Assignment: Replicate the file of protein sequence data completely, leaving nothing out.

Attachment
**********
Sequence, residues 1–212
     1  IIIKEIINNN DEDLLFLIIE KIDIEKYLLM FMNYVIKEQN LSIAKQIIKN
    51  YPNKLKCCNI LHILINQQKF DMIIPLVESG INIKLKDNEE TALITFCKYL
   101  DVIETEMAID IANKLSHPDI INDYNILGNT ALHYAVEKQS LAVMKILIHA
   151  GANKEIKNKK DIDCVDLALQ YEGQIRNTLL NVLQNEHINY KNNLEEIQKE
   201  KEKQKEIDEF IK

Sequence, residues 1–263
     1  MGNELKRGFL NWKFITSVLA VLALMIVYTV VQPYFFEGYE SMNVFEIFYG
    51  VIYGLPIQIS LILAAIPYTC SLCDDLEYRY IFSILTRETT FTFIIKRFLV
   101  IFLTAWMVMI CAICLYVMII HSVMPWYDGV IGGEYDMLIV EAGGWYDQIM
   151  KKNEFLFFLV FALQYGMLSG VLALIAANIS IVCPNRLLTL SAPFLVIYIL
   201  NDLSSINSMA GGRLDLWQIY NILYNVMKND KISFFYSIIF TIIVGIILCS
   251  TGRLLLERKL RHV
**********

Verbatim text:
Sequence, residues 1–212
     1  IIIKEIINNN DEDLLFLIIE KIDIEKYLLM FMNYVIKEQN LSIAKQIIKN
    51  YPNKLKCCNI LHILINQQKF DMIIPLVESG INIKLKDNEE TALITFCKYL
   101  DVIETEMAID IANKLSHPDI INDYNILGNT ALHYAVEKQS LAVMKILIHA
   151  GANKEIKNKK DIDCVDLALQ YEGQIRNTLL NVLQNEHINY KNNLEEIQKE
   201  KEKQKEIDEF IK

Sequence, residues 1–263
     1  MGNELKRGFL NWKFITSVLA VLALMIVYTV VQPYFFEGYE SMNVFEIFYG
    51  VIYGLPIQIS LILAAIPYTC SLCDDLEYRY IFSILTRETT FTFIIKRFLV
   101  IFLTAWMVMI CAICLYVMII HSVMPWYDGV IGGEYDMLIV EAGGWYDQIM
   151  KKNEFLFFLV FALQYGMLSG VLALIAANIS IVCPNRLLTL SAPFLVIYIL
   201  NDLSSINSMA GGRLDLWQIY NILYNVMKND KISFFYSIIF TIIVGIILCS
   251  TGRLLLERKL RHV